There are legal principles that apply to non-marital assets brought into the marriage that convert these assets into marital property. Usually the person who owned the assets at the time of marriage is afforded an opportunity to demonstrate that the assets in fact have not been transmuted. Because the demonstration requires applying these principles to assets which have a financial value, the valuator is an important part of the team since the legal defense placed before the court is joined at the hip with an understanding of the transactional process which gave rise to the presumed transmutation, and why what actually happened demonstrates that nothing has changed.
When non-marital funds are combined with marital funds inside joint accounts there is a presumed interspousal gift that occurred. This is a rebuttable presumption. In order to overcome the presumption, the spouse who previously owned the money will have to show that gifting was not intended and it will have to be demonstrated with clear convincing evidence. The most often recognized way to do this is to be able to trace the funds through separately defined assets having distinct characteristics. Tracing is one of the services offered.
It is much more difficult overcoming a presumption of a gift when real estate is involved. There may be another way to accomplish the same objection through an award of unequal distribution. This is a complicated matter requiring a demonstration of windfall showing causation effect and the exact amount of property involved. This remedy is available only in equitable distribution states, such as Florida.
Commingling of funds occur when marital funds are mixed with non-marital funds. When it occurs inside joint accounts this causes a presumption of an interspousal gift, and if it is not rebutted the transaction transmutes the property into marital property. But when it occurs inside a non-marital account, the funds are commingled. While the intuitive presumed gift has not occurred, many courts employ circular reasoning finding that a gift occurs if the funds cannot be traced. Yet tracing funds is sufficient as proof, but courts accept other forms of proof in overcoming the rebuttable presumption. All assets are presumed marital and the person claiming a non-marital asset, or a non-marital portion, has a separate burden to demonstrate that portion; and if he or she cannot, the property that started out as non-marital is converted into marital property. Confusing that commingled liquid assets cannot be separated without tracing a non-marital portion (which is financially incorrect), some courts have similarly confused the burden to demonstrate a non-marital portion with the burden of overcoming an interspousal gift, and have come full circle to rule that unless the funds can be traced, mere commingling produces an interspousal gift. The client needs to check with his or her attorney to see if the contrasting issues were tried in his or her state and consider trying it. See Commenator article inside publication links for a complete analysis of issues.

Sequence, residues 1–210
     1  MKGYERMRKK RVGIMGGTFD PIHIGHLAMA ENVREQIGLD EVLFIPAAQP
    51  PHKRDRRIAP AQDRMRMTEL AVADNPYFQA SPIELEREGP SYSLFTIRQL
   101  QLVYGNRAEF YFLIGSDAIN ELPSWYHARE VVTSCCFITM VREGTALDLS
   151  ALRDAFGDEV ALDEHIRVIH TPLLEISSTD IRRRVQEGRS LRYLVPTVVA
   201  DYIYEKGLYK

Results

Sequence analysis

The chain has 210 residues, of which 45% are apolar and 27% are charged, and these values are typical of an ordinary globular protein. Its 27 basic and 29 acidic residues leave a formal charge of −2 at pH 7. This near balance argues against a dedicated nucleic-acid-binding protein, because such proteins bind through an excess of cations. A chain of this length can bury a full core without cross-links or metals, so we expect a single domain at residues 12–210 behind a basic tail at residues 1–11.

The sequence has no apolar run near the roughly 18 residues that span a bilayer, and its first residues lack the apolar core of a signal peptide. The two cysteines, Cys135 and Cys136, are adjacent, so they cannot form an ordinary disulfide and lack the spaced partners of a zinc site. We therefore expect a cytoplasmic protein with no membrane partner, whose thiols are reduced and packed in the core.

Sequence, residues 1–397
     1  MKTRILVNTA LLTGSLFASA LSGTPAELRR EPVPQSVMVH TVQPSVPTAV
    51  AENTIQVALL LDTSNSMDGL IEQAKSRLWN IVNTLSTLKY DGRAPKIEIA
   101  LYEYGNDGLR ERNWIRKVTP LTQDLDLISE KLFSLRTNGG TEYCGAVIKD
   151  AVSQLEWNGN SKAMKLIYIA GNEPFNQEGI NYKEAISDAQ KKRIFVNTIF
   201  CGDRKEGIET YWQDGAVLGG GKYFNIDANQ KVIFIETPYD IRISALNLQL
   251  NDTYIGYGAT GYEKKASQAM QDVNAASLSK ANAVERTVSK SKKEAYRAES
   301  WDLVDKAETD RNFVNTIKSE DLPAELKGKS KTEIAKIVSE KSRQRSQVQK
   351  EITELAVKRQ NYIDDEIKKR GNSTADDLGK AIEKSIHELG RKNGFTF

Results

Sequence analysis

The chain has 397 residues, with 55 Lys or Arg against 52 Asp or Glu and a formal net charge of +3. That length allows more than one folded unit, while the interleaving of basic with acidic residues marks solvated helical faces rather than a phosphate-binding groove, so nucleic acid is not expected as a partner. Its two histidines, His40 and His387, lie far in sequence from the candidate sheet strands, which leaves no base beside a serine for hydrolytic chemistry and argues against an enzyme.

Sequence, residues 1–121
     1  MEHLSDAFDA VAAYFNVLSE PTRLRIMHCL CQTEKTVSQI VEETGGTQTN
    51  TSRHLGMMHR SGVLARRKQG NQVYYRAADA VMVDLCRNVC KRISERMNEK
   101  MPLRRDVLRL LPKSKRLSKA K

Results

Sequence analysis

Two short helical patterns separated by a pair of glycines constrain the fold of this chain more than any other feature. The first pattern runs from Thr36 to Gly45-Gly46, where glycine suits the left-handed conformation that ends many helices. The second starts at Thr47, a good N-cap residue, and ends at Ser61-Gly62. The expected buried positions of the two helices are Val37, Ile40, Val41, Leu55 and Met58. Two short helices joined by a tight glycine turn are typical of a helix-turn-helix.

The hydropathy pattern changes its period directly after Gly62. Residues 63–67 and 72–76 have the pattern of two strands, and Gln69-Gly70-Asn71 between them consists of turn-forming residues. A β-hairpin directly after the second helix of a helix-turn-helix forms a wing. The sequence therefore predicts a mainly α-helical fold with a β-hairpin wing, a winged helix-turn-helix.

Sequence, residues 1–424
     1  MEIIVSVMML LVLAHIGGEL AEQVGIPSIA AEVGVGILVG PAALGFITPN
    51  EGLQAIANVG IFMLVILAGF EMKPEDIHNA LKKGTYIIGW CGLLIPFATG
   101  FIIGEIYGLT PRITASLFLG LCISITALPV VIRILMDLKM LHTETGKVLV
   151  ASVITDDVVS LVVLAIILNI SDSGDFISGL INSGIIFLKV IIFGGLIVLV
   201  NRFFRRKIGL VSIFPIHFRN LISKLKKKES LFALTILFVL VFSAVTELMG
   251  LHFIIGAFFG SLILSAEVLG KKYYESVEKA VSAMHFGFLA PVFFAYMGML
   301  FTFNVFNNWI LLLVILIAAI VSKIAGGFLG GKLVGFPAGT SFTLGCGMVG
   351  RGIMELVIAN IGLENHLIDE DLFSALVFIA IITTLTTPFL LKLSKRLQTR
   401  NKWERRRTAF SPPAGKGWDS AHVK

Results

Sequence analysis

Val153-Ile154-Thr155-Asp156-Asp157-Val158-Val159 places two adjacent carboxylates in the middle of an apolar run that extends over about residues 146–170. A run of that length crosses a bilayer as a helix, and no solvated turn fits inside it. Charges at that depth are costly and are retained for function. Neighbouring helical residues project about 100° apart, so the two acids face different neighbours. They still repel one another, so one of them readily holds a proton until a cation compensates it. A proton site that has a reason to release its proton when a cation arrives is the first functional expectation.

A presumed interspousal gift occurs when a separately titled house is transfered to joint ownership. Showing contrary intent is much more difficult with real property. That does not mean that it cannot be done. While tracing funds may be part of the process, clear contrary intent must be established by a preponderance of evidence. Such demonstrations are very rare. But even failing at that that does not leave the previous owner with no other options. If certain statutory factors can be met, the previous owner can request that the court do an unequal division of property (in many but not all states). Tracing funds shows what impact non-marital assets may have played in the development of marital assets, distinguished from marital effort. This may be an important piece of evidence that will assist the court in making its ruling.
Marital property is created within such assets when a marital contribution is added to the property. This occurs when either an infusion of marital money occurs or when the property is improved with marital labor. The mistake made by the vast majority of attorneys is distinguishing an improvement based on marital labor from the basic asset without inquiring whether the marital labor created all of the growth, some of the growth, or whether the growth could have reasonably occurred with no marital effort. This affects whether, and by how much marital property is creatred. Only the best financial experts can assist your attorney with this issue. Mr. Reiss has been instrumental with creating case law in Floirda on this precise issue.
The expert can make the difference in whether you share an overvalued marital property value, an undervalued marital property value or a correct amount of property. There are a number of different approaches to separating out the non-marital value or in seeking an unequal division of property.
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